- The council’s homelessness team might be able to help prevent you from being evicted
- Getting advice as soon as you can might help you keep your home
If your landlord has asked you to leave, get help as soon as you can. With the right advice you might be able to prevent the eviction so that you can continue to stay in your home, or delay things to give you more time to find somewhere else. An adviser can deal with court papers, and may be able to represent you in court.
Eviction because of rent arrears
If you have rent arrears you may be eligible for the Breathing space scheme which gives you time to get some specialist debt advice without having to worry about legal action being taken against you.
If your arrears are because of delays in your housing benefit or universal credit claim, you should let your landlord know. Make sure you have given all the information the council or Jobcentre needs to process your claim, and keep a note of any contact you have if you are trying to chase things up.
If you are not expecting housing benefit or universal credit to cover the rent arrears, you should make an arrangement to clear the arrears. Make sure that this is affordable and that you can keep to the arrangement. If you can prove that you can stick to the arrangement, you are far less likely to be evicted.
If your housing benefit or universal credit housing costs do not cover all of your rent, you can apply for a discretionary housing payment from the council.
If you are under 25, take a look at our advice about rent arrears.
Eviction because of anti-social behaviour
Your landlord may want to evict you because they believe that you, or someone living with you or visiting you, has been acting in an antisocial way or has been disturbing, upsetting, annoying or harassing neighbours. If you are a joint contract-holder, your landlord can end your right to live in the property if they believe you are causing the anti-social behaviour.
Talk to your landlord. Perhaps your neighbours have been complaining unreasonably about your behaviour. Or perhaps you could go to mediation to sort out your problems.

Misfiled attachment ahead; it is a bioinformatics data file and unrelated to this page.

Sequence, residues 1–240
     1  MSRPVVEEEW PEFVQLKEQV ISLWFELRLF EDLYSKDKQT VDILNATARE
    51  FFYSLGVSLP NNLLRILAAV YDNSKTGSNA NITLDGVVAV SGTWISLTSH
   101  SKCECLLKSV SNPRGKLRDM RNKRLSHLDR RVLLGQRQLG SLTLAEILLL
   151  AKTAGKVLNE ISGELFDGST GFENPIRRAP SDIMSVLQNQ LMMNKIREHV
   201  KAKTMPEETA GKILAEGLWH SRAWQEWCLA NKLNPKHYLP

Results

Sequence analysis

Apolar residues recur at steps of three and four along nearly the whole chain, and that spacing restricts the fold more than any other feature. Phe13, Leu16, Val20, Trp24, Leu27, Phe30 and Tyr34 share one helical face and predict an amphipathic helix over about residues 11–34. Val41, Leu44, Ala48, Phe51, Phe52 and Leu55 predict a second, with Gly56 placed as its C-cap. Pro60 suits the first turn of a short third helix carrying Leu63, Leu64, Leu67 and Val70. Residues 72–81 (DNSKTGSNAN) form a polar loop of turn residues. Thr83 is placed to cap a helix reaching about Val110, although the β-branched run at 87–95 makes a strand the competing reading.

If you admit that there has been anti-social behaviour, you should do everything you can to make sure it stops. You will want to show your landlord and, if your case goes to court, the judge, that the problems have stopped.
Eviction because of neglecting or damaging the property
Your landlord may want to evict you because you haven’t been taking good care of the property.
If you are having difficulty looking after the property because of health reasons, you should explain this to your landlord. They may be able to put you in touch with someone who can help you look after the property. Or you can contact the council’s social services department, which may be able to carry out a ‘needs assessment‘ and arrange for you to get some help.
If you have damaged the property, you could repair the damage or offer to pay for the repairs. Only try repairing something yourself if you know what you are doing. If you make the damage worse you will only annoy your landlord even more.
If you have just neglected the issues, this could be the prompt that you need. Get it sorted and prove that you can keep the place in good condition.
Eviction if you’ve been away from your home
If you are going to be away from your home it is always best to let your landlord know, and to make sure the landlord can contact you. It is likely to be a supplementary term of your contract to inform the landlord if you are going away for 28 days or more.
If you are away from your home for a long time your landlord might think that you no longer live there and can evict you using the abandonment procedure. This procedure can only be used by the landlord if your contract states that you must live there as your ‘only or principal home’. If you are living in your home, you may be able to prove this by showing your utility bills, such as gas or electricity.
If you are a joint contract-holder, your landlord can also end your rights to occupy the property if they think you no longer live there. This process is similar to the abandonment procedure mentioned above, and can only be used if your contract states that you must live there as your ‘only or principal home’.
Other joint-contract-holders may also be able to end your right to occupy the property if they think you no longer live there and your contract states that you must live there as your ‘only or principal home’.
Another joint contract-holder can only do this by getting a court order. Another joint contract-holder can only do this by getting a court order.
The court can’t grant an order ending your rights to live there if another person has caused you to stay away from the property through anti-social behaviour. Anti-social behaviour can include behaving violently, making threats or other forms of domestic abuse.
Eviction by your partner
If you are living with a partner, civil partner or spouse, they may try to evict you from your home if you split up. However, they may not have the right to do this and you may be able to prevent this from happening. The section on relationship breakdown explains your rights.
If you have to leave
If there is nothing you can do to stop yourself being evicted, you will have to look for somewhere else to live. Have a look at our Finding a place to live pages which will help you think about your options.
If you are about to become homeless, you might be able to get help from the council. The council has a legal duty to provide advice and assistance to people who are threatened with homelessness. Click here for more information on how the council can help you if you are threatened with homelessness.